Of course, chlorination won’t kill all pathogens in a supply, but having it in place does reduce the risk of another event such as Havelock North.
For now, we await the government’s response to the Stage Two recommendations.
If I was an Engineering Manager with a local council, l would firstly want to have up-to-date water safety plans in place for all water supplies in my city or district. I would also make sure I had an idea of what would be required to upgrade these plants to meet drinking water standards if required. I’d also be talking to my CEO, Councillors and the community – and seeking some external advice.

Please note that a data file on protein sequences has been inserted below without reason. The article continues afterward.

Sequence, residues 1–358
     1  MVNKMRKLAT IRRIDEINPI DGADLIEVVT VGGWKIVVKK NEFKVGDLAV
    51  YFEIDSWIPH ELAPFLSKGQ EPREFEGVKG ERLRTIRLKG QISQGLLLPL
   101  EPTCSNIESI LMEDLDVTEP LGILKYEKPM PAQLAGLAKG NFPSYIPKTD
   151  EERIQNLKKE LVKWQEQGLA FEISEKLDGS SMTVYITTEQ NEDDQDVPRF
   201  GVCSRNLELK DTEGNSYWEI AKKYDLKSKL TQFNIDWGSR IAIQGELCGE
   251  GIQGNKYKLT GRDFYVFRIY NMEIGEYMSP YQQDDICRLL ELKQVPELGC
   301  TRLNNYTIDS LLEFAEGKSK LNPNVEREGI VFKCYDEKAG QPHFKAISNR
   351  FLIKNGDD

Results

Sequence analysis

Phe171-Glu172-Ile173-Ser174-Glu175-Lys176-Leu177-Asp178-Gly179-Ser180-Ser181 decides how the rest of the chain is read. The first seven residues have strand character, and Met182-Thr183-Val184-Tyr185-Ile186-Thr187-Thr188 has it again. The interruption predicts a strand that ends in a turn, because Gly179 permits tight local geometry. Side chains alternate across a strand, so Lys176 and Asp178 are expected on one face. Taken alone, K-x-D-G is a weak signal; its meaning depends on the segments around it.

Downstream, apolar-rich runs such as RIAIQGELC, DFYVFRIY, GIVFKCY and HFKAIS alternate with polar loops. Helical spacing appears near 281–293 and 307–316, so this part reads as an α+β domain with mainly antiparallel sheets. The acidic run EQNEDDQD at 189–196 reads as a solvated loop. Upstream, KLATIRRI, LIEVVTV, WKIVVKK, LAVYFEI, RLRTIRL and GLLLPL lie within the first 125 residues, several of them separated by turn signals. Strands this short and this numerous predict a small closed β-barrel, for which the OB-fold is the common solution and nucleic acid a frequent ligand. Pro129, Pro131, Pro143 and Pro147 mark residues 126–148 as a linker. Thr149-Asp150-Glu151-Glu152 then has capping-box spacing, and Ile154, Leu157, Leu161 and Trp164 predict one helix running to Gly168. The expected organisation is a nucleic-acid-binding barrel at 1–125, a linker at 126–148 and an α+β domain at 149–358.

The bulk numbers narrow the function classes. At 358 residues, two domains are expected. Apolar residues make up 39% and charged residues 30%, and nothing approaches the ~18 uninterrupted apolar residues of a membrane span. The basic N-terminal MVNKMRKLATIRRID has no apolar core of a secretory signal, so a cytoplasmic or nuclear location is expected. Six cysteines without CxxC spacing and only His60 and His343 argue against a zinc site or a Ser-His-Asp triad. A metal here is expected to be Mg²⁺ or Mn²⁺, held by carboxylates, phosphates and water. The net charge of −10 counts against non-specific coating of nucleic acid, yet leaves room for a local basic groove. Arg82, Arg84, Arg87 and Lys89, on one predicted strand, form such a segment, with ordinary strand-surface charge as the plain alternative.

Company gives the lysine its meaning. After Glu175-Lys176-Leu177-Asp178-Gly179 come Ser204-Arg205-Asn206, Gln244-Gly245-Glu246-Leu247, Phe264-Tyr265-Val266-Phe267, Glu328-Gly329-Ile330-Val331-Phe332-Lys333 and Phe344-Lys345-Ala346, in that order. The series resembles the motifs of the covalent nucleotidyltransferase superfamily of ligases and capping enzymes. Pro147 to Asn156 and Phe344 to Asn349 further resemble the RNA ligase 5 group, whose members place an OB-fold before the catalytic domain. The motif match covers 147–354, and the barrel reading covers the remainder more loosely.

About Chris Wrathall
Chris is a Chartered Engineer and Environmentalist and is sector lead for Calibre’s Water & Environment teams across Australia and New Zealand. Chris spent his early career in the water industry in the UK and India, before returning to New Zealand where he has held senior roles with contractors and consultants. In addition to his sector role, Chris is the executive responsible for Calibre New Zealand’s South Island operations.